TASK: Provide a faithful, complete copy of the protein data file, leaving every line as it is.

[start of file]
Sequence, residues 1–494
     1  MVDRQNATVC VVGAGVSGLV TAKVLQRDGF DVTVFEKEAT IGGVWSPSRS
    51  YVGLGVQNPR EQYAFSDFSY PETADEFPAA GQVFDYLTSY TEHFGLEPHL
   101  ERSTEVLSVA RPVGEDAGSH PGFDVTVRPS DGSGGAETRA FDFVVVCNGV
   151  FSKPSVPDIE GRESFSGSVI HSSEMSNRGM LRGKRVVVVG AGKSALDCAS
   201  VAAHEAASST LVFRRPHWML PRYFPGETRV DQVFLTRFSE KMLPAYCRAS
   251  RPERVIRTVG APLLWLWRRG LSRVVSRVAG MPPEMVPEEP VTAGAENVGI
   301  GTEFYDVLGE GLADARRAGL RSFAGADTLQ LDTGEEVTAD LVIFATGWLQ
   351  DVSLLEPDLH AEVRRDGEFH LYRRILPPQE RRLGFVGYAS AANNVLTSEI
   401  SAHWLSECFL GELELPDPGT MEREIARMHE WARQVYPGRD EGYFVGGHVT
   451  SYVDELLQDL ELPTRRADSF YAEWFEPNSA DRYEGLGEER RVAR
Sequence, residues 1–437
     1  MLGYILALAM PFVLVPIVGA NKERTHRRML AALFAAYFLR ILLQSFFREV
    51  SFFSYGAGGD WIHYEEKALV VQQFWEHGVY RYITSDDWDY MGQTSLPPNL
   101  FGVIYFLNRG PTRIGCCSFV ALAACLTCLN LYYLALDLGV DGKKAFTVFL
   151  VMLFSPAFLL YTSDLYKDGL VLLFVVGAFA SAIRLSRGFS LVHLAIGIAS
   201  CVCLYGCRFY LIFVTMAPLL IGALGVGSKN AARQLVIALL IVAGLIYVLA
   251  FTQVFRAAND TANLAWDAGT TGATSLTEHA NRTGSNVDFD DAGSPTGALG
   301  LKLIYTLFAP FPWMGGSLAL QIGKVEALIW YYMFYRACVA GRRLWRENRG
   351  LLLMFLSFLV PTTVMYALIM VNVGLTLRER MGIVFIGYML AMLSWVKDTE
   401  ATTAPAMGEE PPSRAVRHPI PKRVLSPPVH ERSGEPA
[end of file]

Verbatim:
Sequence, residues 1–494
     1  MVDRQNATVC VVGAGVSGLV TAKVLQRDGF DVTVFEKEAT IGGVWSPSRS
    51  YVGLGVQNPR EQYAFSDFSY PETADEFPAA GQVFDYLTSY TEHFGLEPHL
   101  ERSTEVLSVA RPVGEDAGSH PGFDVTVRPS DGSGGAETRA FDFVVVCNGV
   151  FSKPSVPDIE GRESFSGSVI HSSEMSNRGM LRGKRVVVVG AGKSALDCAS
   201  VAAHEAASST LVFRRPHWML PRYFPGETRV DQVFLTRFSE KMLPAYCRAS
   251  RPERVIRTVG APLLWLWRRG LSRVVSRVAG MPPEMVPEEP VTAGAENVGI
   301  GTEFYDVLGE GLADARRAGL RSFAGADTLQ LDTGEEVTAD LVIFATGWLQ
   351  DVSLLEPDLH AEVRRDGEFH LYRRILPPQE RRLGFVGYAS AANNVLTSEI
   401  SAHWLSECFL GELELPDPGT MEREIARMHE WARQVYPGRD EGYFVGGHVT
   451  SYVDELLQDL ELPTRRADSF YAEWFEPNSA DRYEGLGEER RVAR
Sequence, residues 1–437
     1  MLGYILALAM PFVLVPIVGA NKERTHRRML AALFAAYFLR ILLQSFFREV
    51  SFFSYGAGGD WIHYEEKALV VQQFWEHGVY RYITSDDWDY MGQTSLPPNL
   101  FGVIYFLNRG PTRIGCCSFV ALAACLTCLN LYYLALDLGV DGKKAFTVFL
   151  VMLFSPAFLL YTSDLYKDGL VLLFVVGAFA SAIRLSRGFS LVHLAIGIAS
   201  CVCLYGCRFY LIFVTMAPLL IGALGVGSKN AARQLVIALL IVAGLIYVLA
   251  FTQVFRAAND TANLAWDAGT TGATSLTEHA NRTGSNVDFD DAGSPTGALG
   301  LKLIYTLFAP FPWMGGSLAL QIGKVEALIW YYMFYRACVA GRRLWRENRG
   351  LLLMFLSFLV PTTVMYALIM VNVGLTLRER MGIVFIGYML AMLSWVKDTE
   401  ATTAPAMGEE PPSRAVRHPI PKRVLSPPVH ERSGEPA